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Explict and implicit stereotype content : the case of gender in academia
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|Title:||Explict and implicit stereotype content : the case of gender in academia|
|Authors:||Young, Danielle Magan|
|Issue Date:||Aug 2011|
|Publisher:||[Honolulu] : [University of Hawaii at Manoa], [August 2011]|
|Abstract:||Women's underrepresentation in the sciences has been ascribed to a variety of causes, including their perceived lack of competence and their abundance of warmth. The stereotype content model (SCM) theorizes that warmth and competence are universal aspects of social cognition and that these two factors underlie stereotypes held about outgroups. Three studies were conducted using subgroups of gender in the sciences as a framework to extend the use of SCM, using both explicit and implicit methods. Study 1 established that female professors in the sciences are perceived as less competent and more warm than their male counterparts. Study 2 replicated the findings from Study 1, and attempted to connect explicit SCM to implicit measures. Study 3 attempted to extend findings from the previous studies using an experiment to investigate whether explicit and implicit SCM can predict behavior and behavioral intentions.|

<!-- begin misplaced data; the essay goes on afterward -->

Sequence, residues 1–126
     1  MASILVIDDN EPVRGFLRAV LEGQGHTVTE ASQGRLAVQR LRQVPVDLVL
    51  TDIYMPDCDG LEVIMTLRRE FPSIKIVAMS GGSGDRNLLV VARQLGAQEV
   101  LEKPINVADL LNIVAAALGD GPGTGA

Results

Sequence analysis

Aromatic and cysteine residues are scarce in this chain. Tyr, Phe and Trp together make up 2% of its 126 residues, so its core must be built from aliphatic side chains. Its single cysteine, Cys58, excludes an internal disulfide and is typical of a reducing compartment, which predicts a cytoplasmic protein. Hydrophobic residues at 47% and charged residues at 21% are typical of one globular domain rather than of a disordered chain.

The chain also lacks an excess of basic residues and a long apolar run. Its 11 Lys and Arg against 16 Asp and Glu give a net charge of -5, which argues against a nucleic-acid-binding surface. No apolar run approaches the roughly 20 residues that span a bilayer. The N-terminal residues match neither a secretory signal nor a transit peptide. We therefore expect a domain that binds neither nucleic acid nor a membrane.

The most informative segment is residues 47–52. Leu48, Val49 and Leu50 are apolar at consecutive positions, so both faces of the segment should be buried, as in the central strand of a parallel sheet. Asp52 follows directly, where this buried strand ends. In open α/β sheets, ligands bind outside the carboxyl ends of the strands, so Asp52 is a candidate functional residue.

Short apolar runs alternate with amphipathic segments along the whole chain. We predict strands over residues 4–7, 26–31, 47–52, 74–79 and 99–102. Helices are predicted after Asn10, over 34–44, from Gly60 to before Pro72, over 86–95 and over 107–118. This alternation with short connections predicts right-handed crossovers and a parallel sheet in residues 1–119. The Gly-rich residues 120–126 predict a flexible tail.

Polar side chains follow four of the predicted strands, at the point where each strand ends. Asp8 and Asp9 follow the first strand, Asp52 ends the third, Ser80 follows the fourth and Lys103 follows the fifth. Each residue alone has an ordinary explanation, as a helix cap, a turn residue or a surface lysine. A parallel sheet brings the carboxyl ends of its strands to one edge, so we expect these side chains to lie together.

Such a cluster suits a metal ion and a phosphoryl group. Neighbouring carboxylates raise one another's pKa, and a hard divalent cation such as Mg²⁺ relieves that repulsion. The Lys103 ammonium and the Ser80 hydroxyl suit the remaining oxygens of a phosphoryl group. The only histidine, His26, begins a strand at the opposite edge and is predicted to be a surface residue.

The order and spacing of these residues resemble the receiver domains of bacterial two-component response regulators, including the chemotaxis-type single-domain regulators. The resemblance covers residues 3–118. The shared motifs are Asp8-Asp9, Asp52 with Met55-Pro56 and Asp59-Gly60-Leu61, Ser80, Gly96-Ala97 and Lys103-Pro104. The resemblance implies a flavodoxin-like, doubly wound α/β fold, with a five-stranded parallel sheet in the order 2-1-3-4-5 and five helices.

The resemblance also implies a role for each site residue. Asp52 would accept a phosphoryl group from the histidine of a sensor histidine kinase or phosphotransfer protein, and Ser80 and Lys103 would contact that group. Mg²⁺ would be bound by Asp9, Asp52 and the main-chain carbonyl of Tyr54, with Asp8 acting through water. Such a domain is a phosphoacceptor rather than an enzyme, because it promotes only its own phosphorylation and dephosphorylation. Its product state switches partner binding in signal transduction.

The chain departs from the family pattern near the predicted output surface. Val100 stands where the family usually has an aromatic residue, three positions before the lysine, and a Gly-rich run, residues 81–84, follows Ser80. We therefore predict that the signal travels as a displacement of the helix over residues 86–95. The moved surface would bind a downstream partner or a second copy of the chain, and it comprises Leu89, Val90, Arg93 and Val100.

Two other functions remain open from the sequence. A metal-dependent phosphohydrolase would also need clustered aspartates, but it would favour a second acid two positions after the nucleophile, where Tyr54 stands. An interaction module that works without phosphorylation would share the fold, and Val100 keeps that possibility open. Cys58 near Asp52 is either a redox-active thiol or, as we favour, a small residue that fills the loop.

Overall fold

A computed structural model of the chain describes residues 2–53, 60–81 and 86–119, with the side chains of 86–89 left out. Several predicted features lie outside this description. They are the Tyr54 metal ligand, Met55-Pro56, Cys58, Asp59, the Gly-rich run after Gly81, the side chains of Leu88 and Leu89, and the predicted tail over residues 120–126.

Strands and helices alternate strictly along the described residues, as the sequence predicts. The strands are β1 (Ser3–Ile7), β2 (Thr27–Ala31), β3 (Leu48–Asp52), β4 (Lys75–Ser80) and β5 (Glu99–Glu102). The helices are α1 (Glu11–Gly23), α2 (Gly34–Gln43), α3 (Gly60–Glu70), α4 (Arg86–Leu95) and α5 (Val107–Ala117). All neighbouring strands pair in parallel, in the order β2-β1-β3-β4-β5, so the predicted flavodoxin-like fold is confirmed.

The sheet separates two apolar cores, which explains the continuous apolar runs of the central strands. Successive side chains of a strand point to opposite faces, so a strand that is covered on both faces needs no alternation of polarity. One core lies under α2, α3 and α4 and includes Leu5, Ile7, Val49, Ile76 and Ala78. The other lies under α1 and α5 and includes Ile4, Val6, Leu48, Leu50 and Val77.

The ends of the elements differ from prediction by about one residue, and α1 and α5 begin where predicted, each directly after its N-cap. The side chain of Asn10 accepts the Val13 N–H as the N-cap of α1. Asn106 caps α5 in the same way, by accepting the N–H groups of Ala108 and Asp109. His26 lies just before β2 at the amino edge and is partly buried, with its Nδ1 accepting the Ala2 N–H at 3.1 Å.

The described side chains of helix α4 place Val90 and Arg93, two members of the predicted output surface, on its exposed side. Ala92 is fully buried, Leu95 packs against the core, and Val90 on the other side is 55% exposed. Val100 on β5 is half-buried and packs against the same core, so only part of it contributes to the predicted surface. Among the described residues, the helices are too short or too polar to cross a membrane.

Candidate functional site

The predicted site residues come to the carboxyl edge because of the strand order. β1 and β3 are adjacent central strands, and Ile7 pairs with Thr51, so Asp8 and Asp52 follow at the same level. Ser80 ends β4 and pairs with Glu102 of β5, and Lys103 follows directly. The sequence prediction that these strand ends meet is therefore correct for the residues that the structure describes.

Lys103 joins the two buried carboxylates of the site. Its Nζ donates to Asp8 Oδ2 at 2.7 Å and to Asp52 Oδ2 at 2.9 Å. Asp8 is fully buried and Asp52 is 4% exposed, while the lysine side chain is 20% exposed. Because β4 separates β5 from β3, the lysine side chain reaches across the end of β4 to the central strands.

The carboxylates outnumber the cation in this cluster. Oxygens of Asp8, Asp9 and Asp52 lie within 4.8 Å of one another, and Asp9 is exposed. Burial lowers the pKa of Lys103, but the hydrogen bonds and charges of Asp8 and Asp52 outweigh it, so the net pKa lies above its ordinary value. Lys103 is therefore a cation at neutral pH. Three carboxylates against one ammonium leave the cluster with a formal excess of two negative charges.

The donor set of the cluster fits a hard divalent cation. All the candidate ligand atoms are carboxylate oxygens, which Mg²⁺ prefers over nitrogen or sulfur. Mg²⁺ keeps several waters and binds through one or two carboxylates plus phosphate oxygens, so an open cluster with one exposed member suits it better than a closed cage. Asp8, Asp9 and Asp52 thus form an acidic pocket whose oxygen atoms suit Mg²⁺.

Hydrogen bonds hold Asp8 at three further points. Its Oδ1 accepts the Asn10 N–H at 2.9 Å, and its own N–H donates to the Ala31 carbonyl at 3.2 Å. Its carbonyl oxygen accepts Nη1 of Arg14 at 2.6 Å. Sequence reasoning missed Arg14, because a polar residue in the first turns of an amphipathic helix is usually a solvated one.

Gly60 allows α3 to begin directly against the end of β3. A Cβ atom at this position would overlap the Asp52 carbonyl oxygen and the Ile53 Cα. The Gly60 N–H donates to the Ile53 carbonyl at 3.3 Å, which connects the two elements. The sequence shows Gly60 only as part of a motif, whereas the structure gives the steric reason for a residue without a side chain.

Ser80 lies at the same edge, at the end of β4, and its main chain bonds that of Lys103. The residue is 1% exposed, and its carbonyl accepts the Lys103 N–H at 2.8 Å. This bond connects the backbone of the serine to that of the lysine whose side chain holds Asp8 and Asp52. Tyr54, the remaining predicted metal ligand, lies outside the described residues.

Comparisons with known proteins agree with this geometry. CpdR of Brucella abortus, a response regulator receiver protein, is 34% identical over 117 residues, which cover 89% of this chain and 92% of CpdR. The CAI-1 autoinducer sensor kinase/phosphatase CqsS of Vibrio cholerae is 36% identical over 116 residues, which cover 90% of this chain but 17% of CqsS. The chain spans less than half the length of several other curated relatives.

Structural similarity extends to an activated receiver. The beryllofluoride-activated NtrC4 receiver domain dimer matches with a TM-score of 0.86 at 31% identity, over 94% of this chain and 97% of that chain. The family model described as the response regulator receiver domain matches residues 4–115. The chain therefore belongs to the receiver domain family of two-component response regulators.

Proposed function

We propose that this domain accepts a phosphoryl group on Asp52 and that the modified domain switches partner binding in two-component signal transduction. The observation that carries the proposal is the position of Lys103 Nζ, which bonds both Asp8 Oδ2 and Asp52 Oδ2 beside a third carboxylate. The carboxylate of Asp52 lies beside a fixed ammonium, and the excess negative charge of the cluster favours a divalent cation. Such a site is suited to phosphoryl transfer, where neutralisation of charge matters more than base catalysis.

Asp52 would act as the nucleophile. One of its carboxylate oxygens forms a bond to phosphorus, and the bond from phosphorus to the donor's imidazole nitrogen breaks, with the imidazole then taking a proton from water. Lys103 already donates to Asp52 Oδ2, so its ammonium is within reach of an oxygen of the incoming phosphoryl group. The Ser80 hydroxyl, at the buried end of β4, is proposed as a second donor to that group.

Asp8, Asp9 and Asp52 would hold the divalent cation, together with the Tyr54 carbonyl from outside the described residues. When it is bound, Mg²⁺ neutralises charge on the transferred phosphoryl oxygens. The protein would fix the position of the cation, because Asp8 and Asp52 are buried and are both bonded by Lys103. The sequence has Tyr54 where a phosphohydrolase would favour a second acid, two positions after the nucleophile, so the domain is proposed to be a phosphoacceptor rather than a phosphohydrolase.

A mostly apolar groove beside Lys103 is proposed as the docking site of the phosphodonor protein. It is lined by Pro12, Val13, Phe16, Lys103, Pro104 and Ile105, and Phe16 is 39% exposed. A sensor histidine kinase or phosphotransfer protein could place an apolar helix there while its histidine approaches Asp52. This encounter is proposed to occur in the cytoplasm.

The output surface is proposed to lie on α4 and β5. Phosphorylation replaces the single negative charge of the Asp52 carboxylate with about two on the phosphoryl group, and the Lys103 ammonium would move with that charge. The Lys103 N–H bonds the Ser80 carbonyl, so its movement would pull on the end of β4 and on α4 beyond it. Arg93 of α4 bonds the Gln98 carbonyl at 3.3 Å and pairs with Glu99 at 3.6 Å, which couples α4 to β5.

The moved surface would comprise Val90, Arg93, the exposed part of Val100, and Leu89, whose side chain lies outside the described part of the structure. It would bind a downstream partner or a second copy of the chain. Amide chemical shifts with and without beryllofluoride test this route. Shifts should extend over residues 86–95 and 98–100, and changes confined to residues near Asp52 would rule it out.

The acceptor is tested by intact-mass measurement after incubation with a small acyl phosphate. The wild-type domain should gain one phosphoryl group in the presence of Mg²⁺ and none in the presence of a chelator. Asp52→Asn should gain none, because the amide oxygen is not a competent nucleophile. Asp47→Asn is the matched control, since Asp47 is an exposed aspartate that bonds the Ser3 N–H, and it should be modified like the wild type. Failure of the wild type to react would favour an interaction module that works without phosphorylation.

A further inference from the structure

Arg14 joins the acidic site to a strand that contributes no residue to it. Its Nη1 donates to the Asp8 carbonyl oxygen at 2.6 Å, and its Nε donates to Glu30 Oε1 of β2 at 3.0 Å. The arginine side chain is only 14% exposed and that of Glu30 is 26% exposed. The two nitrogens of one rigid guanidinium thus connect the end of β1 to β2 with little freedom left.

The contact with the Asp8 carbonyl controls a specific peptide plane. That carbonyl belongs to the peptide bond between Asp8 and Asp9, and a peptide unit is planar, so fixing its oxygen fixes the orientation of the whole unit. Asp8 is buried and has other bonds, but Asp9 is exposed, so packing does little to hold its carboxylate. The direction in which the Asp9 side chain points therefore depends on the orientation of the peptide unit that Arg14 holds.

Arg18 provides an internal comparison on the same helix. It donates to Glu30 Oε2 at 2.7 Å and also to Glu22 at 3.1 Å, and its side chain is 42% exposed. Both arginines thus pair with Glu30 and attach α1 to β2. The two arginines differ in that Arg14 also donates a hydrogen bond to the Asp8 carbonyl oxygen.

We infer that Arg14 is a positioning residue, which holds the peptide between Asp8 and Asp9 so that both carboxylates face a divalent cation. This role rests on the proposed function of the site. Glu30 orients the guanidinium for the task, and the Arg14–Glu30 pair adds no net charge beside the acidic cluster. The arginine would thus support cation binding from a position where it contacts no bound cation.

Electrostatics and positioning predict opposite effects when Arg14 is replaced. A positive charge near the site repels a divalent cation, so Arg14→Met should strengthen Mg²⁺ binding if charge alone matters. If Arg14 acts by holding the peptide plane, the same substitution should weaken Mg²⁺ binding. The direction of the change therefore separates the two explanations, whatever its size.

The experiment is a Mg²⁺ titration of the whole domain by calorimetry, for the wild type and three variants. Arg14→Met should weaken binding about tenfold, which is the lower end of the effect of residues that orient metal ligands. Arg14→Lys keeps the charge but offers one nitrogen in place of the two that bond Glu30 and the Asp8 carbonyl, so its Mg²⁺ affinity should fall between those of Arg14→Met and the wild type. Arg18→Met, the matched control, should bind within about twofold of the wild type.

|Description:||Ph.D. University of Hawaii at Manoa 2011.|
Includes bibliographical references.
|Appears in Collections:||Ph.D. - Psychology|
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